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Oil and Gas Roundup — Dec. 23

December 23, 2013
TOPICS: In the news
A roundup of oil and natural gas industry news from around the state, nation and world:

State drilling rig count remains at 174

The number of drilling rigs actively exploring for oil or natural gas in Oklahoma did not change this week, remaining at 174, Baker Hughes Inc. reported Friday.

The tally is down nine from a year ago, when it was 183.

Nationwide, the net number of active drilling rigs fell by 14 this week to 1,768, according to Houston-based Baker Hughes. That's down by six from a year ago.

Of the rigs operating across the nation, 1,395 were exploring for oil, 372 for gas and one was listed as miscellaneous.

Friday on the New York Mercantile Exchange, benchmark U.S. crude oil rose 28 cents to close at $99.32 a barrel. For the week, oil rose about 3 percent, largely due to signs of improvement in the U.S. economy.

The last time oil closed above $100 a barrel was Oct. 18.

Natural gas dropped 4 cents Friday to $4.42 per thousand cubic feet.

— Tulsa World

Hydraulic fracturing makes Texas power supply drought resistant

A new University of Texas-Austin study shows that producing electricity from natural gas saves much more water than producing power from coal, even accounting for water lost in hydraulic fracturing for shale gas.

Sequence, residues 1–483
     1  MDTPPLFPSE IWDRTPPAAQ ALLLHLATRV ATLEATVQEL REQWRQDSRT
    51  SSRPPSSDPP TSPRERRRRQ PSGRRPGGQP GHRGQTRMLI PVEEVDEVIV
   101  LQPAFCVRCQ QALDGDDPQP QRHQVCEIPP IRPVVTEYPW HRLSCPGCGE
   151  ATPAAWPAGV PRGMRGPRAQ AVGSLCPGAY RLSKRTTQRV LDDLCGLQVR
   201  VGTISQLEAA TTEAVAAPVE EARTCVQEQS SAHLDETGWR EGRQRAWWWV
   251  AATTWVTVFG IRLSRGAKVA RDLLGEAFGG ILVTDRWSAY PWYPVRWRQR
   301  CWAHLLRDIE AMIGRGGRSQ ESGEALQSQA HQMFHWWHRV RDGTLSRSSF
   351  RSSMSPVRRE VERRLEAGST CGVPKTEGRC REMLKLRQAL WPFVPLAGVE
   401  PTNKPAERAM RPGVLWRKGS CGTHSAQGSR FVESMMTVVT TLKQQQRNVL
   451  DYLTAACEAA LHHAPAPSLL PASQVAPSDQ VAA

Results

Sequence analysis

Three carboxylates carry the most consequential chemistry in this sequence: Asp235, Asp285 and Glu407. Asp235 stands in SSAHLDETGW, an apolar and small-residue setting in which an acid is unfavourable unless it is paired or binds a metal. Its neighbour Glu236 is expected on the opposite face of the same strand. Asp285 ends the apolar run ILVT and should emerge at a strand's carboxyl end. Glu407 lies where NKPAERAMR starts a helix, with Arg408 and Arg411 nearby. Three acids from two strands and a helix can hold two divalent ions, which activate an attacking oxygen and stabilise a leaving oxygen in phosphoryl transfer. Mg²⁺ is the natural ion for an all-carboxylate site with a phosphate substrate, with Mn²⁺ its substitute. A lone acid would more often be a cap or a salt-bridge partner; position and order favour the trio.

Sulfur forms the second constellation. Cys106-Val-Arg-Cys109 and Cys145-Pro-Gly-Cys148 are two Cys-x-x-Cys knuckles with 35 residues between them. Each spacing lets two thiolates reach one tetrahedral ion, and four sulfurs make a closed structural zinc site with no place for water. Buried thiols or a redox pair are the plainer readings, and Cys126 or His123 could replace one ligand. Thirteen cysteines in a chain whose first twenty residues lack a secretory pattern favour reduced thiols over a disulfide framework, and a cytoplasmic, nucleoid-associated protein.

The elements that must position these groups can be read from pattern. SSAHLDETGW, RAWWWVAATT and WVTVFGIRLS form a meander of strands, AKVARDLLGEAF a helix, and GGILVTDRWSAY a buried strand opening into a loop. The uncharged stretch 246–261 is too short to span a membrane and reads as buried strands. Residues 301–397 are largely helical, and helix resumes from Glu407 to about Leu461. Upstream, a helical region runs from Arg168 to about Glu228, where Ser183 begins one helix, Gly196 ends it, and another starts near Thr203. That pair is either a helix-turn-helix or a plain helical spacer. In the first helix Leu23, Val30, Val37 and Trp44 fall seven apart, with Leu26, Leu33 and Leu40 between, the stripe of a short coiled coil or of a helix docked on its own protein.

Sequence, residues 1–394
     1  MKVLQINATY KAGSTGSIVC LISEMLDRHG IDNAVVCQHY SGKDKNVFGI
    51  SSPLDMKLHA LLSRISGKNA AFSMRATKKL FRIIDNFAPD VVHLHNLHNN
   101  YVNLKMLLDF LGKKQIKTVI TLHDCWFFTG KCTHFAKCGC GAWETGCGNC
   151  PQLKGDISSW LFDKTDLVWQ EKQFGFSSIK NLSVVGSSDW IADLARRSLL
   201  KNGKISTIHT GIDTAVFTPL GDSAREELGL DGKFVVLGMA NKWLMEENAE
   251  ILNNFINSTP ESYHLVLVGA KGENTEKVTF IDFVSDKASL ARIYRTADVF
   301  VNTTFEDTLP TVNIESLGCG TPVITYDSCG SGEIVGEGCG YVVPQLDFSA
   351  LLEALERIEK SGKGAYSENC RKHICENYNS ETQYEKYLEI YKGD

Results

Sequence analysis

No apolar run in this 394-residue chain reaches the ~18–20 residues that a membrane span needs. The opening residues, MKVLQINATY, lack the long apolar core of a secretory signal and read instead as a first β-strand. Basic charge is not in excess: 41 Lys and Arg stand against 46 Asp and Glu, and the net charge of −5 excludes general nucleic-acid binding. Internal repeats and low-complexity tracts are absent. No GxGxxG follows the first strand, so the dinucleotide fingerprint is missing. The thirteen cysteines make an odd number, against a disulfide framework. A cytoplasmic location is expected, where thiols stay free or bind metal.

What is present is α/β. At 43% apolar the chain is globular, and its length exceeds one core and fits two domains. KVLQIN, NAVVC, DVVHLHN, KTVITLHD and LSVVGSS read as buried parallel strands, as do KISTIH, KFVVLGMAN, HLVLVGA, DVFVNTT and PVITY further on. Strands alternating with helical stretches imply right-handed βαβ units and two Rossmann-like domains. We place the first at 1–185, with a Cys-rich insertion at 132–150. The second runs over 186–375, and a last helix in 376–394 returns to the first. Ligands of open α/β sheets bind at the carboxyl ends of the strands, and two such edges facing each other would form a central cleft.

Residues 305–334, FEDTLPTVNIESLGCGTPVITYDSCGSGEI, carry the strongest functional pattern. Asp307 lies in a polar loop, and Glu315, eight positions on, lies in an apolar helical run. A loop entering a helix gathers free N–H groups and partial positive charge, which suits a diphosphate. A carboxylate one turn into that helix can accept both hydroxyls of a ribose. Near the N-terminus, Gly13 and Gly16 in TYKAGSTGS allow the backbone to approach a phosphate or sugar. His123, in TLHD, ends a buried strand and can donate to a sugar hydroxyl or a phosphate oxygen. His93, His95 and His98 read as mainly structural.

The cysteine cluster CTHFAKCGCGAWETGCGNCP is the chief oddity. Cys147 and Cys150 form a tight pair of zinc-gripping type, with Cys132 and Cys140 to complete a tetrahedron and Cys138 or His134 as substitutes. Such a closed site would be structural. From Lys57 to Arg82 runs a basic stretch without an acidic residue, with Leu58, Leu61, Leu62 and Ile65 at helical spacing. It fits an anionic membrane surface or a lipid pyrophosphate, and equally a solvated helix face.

In other words, fracking for natural gas used to produce electricity may make Texas more drought-resistant as the state shifts from coal power generation to natural gas power generation.

The study, funded by the state of Texas, looks at how Texas’ devastating 2011 drought affected electricity demand and power plant water consumption as compared to 2010. Texas is unique among states because its power grid is entirely isolated from the rest of the country. It also produces more electricity than any other state, about half of which is produced using natural gas, according to the study.

Electricity produced using natural gas combustion turbines and natural gas combined-cycle generators requires roughly 30 percent of the water needed for coal power plants. The study estimates that the amount of water saved by shifting a power plant from coal to natural gas is up to 50 times the amount of water lost in fracking to extract the natural gas from underground shale formations.

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California taxes oil in many ways

Tom Steyer, the San Francisco billionaire environmentalist, has launched a campaign to increase taxes on energy production in California. He thinks oil companies are allowed to "siphon California resources without providing any meaningful return to Californians."

Beginning an education campaign on inaccurate claims doesn't bode well for the quality of the educational experience.

To claim Californians receive no meaningful return for the oil we produce is puzzling. Oil companies in California generate $6 billion in tax revenues for state and local governments, according to an analysis by Purvin & Gertz in 2011. While it's true California does not have an oil severance tax per se, California taxes oil companies and oil production in a variety of other ways.